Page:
GETTING ITS FEMALE GROOVE BACK
1st August 2018
Audemars Piguet used to be all about the boys, but that looks set to change as Laura McCreddie-Doak finds out.
Apparently Audemars Piguet’s collaboration with renowned Florentine jeweller Carolina Bucci got off to a rather combative start. She allegedly told François-Henry Bennahmias, the brand’s CEO, that “I love Audemars Piguet, I wear Audemars Piguet but you don’t have a clue about women’s watches”.
While there is some truth there, given that, since the 1972 the brand’s output has been focussed almost exclusively around the iconic octagonal form of the Royal Oak, it wasn’t always the case.
Back in the 1890s – Audemars Piguet was founded in 1875 – the brand was known for its women’s pendant watches; it was the ability to adapt these small calibres that kickstarted the wristwatch making side of the business.
Given the size of these luxury watches, such as the minute repeater it made in 1891 that was the smallest in the world for three decades, it is unlikely they would have been worn by men.
Until 1972, much of Audemars Piguet’s output was occupied with musical calibres for both men and women; skeletonisation and teaming minute repeaters with other complications such as chronographs, perpetual calendars and jumping hours. Then the Royal Oak was launched and you couldn’t see the watches for octagonal-shaped portalholes.
The only women’s watch to make it into the modern iteration of the brand is the Millenary. The original design for this unusual ovoid case comes from 1951, however, this shape of case proved unpopular so it was phased out and reintroduced in 1995 and named Millenary as a nod to the impending third millennium.
It seems as though Audemars Piguet were still ahead of the curve even in the ’90s when it came to ovoid cases because it wasn’t the success story the brand hoped, however, as Audemars Piguet historian Micheal Friedman explained back in 2016 at the launch of the newly revamped Millenary, maybe that was down to the watch press not being ready for timepieces aimed exclusively at the fairer sex.
“The history of women’s watches has been one of the most neglected stories. Audemars Piguet is starting to tell how beautiful, technical and unique this history is, as it relates to the past, present and future of time-keeping,” he explained to Luxos magazine in 2015. “I think, during the second half of the 20th century, the watch press put focus on men’s watches while the jewellery press to women’s jewellery. Therefore, women’s watches gradually faded out of the picture as they were not the focal point of publications at that time.”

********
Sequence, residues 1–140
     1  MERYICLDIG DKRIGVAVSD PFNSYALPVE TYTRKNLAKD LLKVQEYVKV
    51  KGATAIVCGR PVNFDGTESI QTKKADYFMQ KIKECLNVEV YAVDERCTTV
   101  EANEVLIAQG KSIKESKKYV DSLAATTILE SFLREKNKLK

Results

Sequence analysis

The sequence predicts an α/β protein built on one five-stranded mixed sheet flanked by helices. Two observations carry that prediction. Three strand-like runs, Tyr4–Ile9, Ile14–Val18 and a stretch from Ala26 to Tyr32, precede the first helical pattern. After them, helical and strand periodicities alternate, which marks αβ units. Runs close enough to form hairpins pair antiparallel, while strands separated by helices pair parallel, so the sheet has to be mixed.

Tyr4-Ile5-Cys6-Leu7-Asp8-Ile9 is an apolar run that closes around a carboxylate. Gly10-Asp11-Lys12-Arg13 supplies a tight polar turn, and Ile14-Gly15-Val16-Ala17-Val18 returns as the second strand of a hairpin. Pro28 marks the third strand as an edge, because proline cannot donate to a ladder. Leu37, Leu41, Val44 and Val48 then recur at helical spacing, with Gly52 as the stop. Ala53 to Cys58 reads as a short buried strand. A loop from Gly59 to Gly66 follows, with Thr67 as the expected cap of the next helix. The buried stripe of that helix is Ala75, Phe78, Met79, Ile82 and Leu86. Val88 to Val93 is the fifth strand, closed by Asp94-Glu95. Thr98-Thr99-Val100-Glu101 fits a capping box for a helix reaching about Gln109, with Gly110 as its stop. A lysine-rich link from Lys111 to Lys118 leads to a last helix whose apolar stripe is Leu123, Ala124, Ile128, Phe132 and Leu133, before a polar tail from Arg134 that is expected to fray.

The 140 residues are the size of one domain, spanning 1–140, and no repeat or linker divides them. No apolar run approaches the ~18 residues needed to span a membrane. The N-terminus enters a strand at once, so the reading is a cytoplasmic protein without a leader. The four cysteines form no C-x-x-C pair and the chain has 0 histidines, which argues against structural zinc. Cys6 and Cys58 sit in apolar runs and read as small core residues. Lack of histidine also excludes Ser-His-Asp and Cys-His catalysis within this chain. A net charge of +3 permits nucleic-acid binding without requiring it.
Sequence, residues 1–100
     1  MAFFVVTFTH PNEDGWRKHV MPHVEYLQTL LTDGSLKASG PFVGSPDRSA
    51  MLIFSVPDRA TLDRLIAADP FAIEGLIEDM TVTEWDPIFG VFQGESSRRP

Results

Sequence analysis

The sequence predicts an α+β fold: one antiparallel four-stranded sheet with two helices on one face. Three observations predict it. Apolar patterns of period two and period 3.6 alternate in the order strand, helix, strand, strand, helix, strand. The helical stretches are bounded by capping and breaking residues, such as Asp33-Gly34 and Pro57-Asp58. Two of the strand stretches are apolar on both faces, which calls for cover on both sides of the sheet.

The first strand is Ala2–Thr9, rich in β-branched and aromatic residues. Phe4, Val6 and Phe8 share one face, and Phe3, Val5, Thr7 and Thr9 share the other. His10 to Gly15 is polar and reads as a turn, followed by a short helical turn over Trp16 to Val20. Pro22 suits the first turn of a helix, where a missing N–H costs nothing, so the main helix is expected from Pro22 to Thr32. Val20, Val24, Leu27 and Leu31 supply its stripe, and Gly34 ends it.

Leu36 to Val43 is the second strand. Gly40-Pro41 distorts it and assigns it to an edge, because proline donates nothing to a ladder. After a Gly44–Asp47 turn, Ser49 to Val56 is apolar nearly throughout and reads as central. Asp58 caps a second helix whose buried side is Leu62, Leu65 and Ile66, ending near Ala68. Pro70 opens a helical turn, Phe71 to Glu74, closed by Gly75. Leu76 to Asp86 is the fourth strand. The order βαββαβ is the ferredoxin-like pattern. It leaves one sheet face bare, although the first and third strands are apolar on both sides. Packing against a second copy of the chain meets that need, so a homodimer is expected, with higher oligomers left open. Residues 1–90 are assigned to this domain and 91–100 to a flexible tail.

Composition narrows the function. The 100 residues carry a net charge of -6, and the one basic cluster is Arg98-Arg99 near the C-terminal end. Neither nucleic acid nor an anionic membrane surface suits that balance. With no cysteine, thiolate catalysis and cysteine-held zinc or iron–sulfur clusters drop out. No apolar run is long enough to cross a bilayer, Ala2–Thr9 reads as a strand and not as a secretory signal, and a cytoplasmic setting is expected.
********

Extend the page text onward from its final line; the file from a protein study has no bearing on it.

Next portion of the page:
A QUIET REMINDER OF THE ATTENTION TO DETAIL THAT AUDEMARS PIGUET’S GEMSETTING TEAM APPLIES TO EVERY WATCH THAT COMES UNDER THEIR LOUPES
This might have been a blessing when it came to the Millenary. Unbothered by the glaring scrutiny of the press Audmars Piguet were allowed to refine and tweak the original design.
As Cara Barrett, one of the editors of online watch magazine Hodinkee explains: “The lugs became more pronounced, the numerals more exaggerated, and the dials became more asymmetrical. The Millenaries soon became one of the boldest collections produced by Audemars Piguet.”
By 2015, this bold, and now most certainly iconic, design was a leader in the burgeoning women’s watch market but, unbeknownst to everyone, Audemars Piguet was working on one of its most important female launches of its history.
Back in 2013, Carolina Bucci met with Bennahmias. It had come to the brand’s attention that Bucci had a gold Royal Oak that she never took off and often wore layered with her own bracelets.
Audemars Piguet had been looking to add something to its women’s watch portfolio – it had kicked around the idea of an entirely new collection but that wasn’t sticking, so it set about collaborating with Bucci on a treatment of the women’s Royal Oak that would commemorate its 40th anniversary.